SOON after arriving in London a year ago to begin his reign as chief executive of Rio Tinto, Sam Walsh took a stroll from his Kensington home to check out an antiques fair at nearby Sloane Square.
The avid collector of milk jugs — he has more than 350 of the cherished antiques stashed away in his other house in Perth — was in his element as he prepared to browse the collectables. “I walked up to the very first stand and picked up a Royal Worcester milk jug,” recalls Walsh. “And the lady looked at me and said, ‘Australian accent, interested in milk jugs, we know who you are — we’ve been expecting you!’ ”
Walsh roars with laughter when telling the story, partly because he cheerfully revels in the fact his passion for delicate milk jugs breaks all the stereotypes of the knockabout mining industry. But he knows too that it’s much harder to be anonymous — even at an antiques fair — when you’re running one of the biggest companies in one of the world’s financial capitals.
It’s even harder, it may be suggested, when you’re trying to lead the turnaround of a company that had spectacularly lost its way under predecessor Tom Albanese, culminating in more than $US14 billion in writedowns as a result of the failed 2007 acquisition of Canadian aluminium producer Alcan and the disastrous takeover of African coal play Riversdale Mining in 2011.
Walsh was elevated to the top job in January last year after having run Rio’s dominant iron ore division in Perth since 2004, a period in which he oversaw enormous growth driven by China’s record-smashing appetite for the steelmaking commodity.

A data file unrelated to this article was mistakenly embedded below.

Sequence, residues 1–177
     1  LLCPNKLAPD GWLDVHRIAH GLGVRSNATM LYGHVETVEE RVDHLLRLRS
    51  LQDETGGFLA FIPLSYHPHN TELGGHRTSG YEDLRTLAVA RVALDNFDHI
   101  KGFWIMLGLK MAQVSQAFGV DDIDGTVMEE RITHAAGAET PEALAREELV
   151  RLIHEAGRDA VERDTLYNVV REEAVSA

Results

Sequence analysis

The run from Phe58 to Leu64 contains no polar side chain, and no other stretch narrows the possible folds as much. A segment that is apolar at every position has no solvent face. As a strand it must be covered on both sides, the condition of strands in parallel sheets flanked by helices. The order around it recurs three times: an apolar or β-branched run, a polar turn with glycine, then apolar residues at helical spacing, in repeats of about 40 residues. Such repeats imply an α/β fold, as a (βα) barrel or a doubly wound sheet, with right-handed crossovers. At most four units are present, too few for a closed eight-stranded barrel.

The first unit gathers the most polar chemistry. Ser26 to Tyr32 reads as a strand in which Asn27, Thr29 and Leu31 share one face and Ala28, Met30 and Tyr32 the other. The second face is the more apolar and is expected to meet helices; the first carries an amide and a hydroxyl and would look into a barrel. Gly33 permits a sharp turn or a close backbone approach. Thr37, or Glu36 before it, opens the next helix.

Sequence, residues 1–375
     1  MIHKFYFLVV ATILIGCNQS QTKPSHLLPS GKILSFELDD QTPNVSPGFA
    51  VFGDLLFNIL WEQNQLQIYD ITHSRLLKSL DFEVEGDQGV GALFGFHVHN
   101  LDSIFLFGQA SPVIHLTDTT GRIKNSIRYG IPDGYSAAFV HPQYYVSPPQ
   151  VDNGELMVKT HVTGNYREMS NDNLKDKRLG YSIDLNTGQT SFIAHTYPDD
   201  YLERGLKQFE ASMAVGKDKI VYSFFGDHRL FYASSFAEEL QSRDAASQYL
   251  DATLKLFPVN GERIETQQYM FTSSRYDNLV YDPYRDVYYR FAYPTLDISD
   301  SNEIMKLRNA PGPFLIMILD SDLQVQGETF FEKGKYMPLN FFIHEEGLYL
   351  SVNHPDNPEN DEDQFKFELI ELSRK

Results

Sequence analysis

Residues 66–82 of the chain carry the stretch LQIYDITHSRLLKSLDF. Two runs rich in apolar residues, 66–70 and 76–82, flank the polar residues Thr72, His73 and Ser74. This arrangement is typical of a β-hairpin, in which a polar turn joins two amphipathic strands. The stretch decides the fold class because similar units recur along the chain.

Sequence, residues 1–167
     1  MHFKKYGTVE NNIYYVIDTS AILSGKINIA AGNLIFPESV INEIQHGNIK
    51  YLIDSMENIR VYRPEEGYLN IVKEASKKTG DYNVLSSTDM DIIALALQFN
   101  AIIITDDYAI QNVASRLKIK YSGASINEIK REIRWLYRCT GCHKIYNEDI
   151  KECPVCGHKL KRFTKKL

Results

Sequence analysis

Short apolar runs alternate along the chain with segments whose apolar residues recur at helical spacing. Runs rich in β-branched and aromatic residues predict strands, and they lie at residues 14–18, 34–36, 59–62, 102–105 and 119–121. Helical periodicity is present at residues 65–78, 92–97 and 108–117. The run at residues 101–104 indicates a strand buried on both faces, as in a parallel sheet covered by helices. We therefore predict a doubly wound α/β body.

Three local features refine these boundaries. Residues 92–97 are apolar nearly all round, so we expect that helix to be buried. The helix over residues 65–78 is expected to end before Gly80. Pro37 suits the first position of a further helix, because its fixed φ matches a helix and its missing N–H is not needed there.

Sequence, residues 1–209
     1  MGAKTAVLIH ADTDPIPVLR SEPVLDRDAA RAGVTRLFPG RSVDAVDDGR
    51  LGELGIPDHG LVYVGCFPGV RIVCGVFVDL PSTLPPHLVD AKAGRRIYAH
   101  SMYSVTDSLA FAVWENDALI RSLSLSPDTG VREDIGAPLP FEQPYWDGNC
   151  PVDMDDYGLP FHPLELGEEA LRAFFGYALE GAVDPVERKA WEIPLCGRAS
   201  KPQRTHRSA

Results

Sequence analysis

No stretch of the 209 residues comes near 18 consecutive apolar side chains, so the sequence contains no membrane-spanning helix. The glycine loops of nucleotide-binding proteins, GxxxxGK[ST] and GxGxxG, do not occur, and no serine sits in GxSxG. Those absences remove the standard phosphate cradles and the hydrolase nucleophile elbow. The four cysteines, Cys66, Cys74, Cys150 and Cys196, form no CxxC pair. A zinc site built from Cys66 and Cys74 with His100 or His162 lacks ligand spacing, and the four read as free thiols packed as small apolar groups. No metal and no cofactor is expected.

His legacy of expansion and innovation in the Pilbara operations is undeniable. In the six months to June 30 last year, the iron ore business accounted for almost 90 per cent of Rio’s earnings as the price held up strongly against most forecasts. In other words, it’s the only division delivering meaningful returns to shareholders.
As soon as Walsh slipped his feet under his desk at the chief executive’s office above London’s Paddington station, he knew he had to act fast to introduce a new spending discipline and a stronger focus on shareholder value throughout the entire company.
His first objective was to attempt a shift in culture under which all of his 66,000 employees view themselves as owners of the business and treat the company’s money as if it is their own. To illustrate his point, he takes a mild swipe at one of his rivals in the global mining industry, Glencore Xstrata chief executive Ivan Glasenberg.
“Ivan Glasenberg got it a bit wrong — he put up a chart at a conference in Barcelona (last year) about how many shares his management team own in the company,” Walsh tells The Weekend Australian.
“Well, that’s not what it’s about. It’s about every single employee acting as if they’re owners, not just the top 10. The top 10 will always act as owners.
For the rest of this article, click here: http://www.theaustralian.com.au/business/mining-energy/walshs-steely-resolve-for-change-of-culture-helps-rio-tinto-turn-around/story-e6frg9df-1226794605907#